Property tax dollars were not spent ona $387,500 bill related to Davenport's pursuit of a city-owned, land-based casino, city administrator Craig Malin said Wednesday night.
Davenport resident David Haase raised the question during Wednesday's committee-of-the-whole meeting, asking where the money came from. Aldermen last week, on a 6-to-2 vote, tabled paying the accounting firm of Deloitte and Touche LLP for three months of work related to the city's attempted purchase of the Rhythm City Casino from Isle of Capri.
Mr. Malin said money for the bill — included in the roughly $600,000 the city has acknowledged spending on the casino effort — came from other sources.Mr. Malin said the city receives between $1.6 million and $1.8 million annually in casino revenue. Ald. Jeff Justin, 6th Ward, who also chairs the finance committee, said local option sales tax dollars also will be used to pay for the city's work on a casino purchase.
"That revenue (casino revenue) will be able to be dedicated toward due diligence," Mr. Malin said. "That's in the worst case that the city pays for the due diligence and has no one else to pay for it."
Mr. Malin said the Riverboat Development Authority, the nonprofit group holding the casino license, and any potential groups interested in buying the casino, will be able to use the city's due diligence information.
"That's not going to come for free," he said. "We expect to be repaid for it.
"The due diligence bill, specifically, was directed at trying to make sure we (the city) didn't overpay for an asset (Rhythm City Casino)," Mr. Malin said.
Judith Lee, of Davenport, criticized the city for a lack of accountability on its due diligence.
Last week city attorney Tom Warner said Davenport used its casino consultant, Gary Buettner, and the Des Moines law firm of Ahlers and Cooney to oversee the accounting firm's work in determining the $387,500 bill to the city.
"I've been involved in government contracting," Ms. Lee told the council."In the accounting business, that's what we call riding the horse whereeverybody says, 'Oh, we've got some hours left; we don't know who to charge. Let's charge it to these people (city) who weren't really watching.'
"And that's what I'm seeing is going on with this."
Walter Skovronski, of Davenport, complimented the city for at least getting a new casino idea off center. He criticized the RDA, which sent a letter to the city on Monday stating it did not want to meet with city officials at this time to discuss casino options.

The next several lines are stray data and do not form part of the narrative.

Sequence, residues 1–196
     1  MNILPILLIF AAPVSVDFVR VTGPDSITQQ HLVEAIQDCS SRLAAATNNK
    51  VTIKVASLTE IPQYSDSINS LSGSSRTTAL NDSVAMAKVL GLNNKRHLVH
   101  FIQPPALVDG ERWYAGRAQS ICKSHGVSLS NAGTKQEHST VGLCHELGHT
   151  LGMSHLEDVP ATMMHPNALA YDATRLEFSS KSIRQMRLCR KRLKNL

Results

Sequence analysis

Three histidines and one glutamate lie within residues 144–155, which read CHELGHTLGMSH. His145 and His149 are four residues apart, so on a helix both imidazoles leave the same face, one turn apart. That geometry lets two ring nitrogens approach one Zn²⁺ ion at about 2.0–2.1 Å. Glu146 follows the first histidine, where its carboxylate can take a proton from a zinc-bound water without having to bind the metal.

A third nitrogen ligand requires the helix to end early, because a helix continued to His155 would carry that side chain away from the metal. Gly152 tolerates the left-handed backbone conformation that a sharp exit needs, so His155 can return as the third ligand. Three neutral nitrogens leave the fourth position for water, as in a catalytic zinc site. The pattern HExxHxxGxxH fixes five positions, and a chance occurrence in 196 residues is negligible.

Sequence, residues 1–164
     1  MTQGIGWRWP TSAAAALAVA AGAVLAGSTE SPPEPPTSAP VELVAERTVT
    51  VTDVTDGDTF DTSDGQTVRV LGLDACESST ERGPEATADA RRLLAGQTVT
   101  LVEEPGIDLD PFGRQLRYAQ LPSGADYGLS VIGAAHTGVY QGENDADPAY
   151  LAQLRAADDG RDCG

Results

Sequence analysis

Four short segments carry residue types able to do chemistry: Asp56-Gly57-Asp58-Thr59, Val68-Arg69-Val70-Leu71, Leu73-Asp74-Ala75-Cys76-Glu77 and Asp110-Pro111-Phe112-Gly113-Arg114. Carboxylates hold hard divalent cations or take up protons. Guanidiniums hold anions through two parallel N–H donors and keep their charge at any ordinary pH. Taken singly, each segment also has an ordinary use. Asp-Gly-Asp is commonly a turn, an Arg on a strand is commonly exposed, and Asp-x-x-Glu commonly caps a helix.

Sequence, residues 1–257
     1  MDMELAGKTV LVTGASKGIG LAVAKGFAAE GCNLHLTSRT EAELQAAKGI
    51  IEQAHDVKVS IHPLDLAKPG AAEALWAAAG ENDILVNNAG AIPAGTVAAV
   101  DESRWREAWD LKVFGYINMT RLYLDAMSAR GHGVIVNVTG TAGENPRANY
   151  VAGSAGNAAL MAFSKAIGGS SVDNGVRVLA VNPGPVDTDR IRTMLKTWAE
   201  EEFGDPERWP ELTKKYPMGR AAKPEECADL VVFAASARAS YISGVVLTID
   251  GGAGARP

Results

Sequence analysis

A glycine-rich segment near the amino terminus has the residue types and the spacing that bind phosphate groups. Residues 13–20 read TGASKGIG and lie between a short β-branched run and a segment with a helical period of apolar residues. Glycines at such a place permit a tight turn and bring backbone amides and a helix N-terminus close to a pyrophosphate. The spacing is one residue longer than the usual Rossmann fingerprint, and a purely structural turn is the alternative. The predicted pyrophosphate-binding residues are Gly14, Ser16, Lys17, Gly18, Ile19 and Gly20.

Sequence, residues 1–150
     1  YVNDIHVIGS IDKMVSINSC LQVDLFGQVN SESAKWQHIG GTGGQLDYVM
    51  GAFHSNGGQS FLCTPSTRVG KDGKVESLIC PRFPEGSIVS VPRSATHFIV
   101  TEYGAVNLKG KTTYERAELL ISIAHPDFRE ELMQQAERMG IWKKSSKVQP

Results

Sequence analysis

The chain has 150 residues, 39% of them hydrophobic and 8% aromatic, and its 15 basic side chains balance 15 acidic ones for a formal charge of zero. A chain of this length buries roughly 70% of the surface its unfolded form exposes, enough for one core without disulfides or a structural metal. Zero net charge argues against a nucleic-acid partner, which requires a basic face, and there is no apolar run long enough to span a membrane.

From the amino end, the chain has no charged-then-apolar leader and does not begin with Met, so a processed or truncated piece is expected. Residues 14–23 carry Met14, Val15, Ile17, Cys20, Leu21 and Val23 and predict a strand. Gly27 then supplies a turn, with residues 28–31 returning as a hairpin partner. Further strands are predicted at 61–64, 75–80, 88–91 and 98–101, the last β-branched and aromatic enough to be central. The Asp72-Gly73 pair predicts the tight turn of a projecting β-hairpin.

On March 4, the RDA publicly stated its desire to seek alternatives to a city-owned and financed casino.Aldermen on Wednesday also discussed a motion directing Mr. Malin to request a joint, open public meeting between the RDA and the city council in the next 30 days.
"You've gone as far as you can go," Mr. Skovronski said. "Now is the time to sit back, smoke a cigar, drink a beer and let this take its course.
"If these people (RDA) are so smart, let them do some work."
Today is Tuesday, July 22, the 203rd day of 2014. There are 162 days left in the year.
1864 -- 150 years ago: Everybody is invited to go on a moonlight excursion next Monday evening on the steamer New Boston. The trip will be from Davenport to Muscatine and back. 1889 -- 125 years ago: The mayor and bridge committee let a contract to the Clinton Bridge company for a $1,125 iron bridge across Sears canal near Milan. 1914 -- 100 years ago: Injunction proceedings to compel the Central Association to keep a baseball team in Rock Island for the remainder of the season were contemplated by some of the Rock Island fans, but they decided to defer action. 1939 -- 75 years ago: The first of the new and more powerful diesel engines built for the Rock Island Lines for the proposed Chicago-Denver run, passed thru the Tri-Cities this morning. 1964 -- 50 years ago: The Rock Island Rescue Mission is negotiating for the purchase of the Prince Hall Masonic Home located at 37th Avenue and 5th Street, Rock Island. 1989 -- 25 years ago: Quad Cities Container Terminal is being lauded as a giant business boon that will save several days and hundreds of dollars on each goods shipment to the coasts. The Quad Cities Container Terminal is the final piece of the puzzle that opens up increase access to world markets, Robert Goldstein said.